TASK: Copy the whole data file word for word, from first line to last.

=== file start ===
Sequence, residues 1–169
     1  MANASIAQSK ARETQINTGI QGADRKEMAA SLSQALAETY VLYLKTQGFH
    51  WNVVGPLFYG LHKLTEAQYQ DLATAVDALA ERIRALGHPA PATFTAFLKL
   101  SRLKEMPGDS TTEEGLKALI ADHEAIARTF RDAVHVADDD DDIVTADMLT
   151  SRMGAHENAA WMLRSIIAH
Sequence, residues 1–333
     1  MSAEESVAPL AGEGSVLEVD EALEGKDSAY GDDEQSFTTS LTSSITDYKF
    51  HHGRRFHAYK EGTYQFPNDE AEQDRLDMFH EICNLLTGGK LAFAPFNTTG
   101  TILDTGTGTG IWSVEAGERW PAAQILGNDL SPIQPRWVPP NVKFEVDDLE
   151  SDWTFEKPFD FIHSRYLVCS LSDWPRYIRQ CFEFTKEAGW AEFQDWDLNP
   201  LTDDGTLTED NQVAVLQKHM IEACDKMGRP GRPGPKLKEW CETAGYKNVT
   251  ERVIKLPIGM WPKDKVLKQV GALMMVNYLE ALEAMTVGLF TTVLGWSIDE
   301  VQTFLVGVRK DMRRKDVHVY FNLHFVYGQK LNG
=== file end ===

Sequence, residues 1–169
     1  MANASIAQSK ARETQINTGI QGADRKEMAA SLSQALAETY VLYLKTQGFH
    51  WNVVGPLFYG LHKLTEAQYQ DLATAVDALA ERIRALGHPA PATFTAFLKL
   101  SRLKEMPGDS TTEEGLKALI ADHEAIARTF RDAVHVADDD DDIVTADMLT
   151  SRMGAHENAA WMLRSIIAH
Sequence, residues 1–333
     1  MSAEESVAPL AGEGSVLEVD EALEGKDSAY GDDEQSFTTS LTSSITDYKF
    51  HHGRRFHAYK EGTYQFPNDE AEQDRLDMFH EICNLLTGGK LAFAPFNTTG
   101  TILDTGTGTG IWSVEAGERW PAAQILGNDL SPIQPRWVPP NVKFEVDDLE
   151  SDWTFEKPFD FIHSRYLVCS LSDWPRYIRQ CFEFTKEAGW AEFQDWDLNP
   201  LTDDGTLTED NQVAVLQKHM IEACDKMGRP GRPGPKLKEW CETAGYKNVT
   251  ERVIKLPIGM WPKDKVLKQV GALMMVNYLE ALEAMTVGLF TTVLGWSIDE
   301  VQTFLVGVRK DMRRKDVHVY FNLHFVYGQK LNG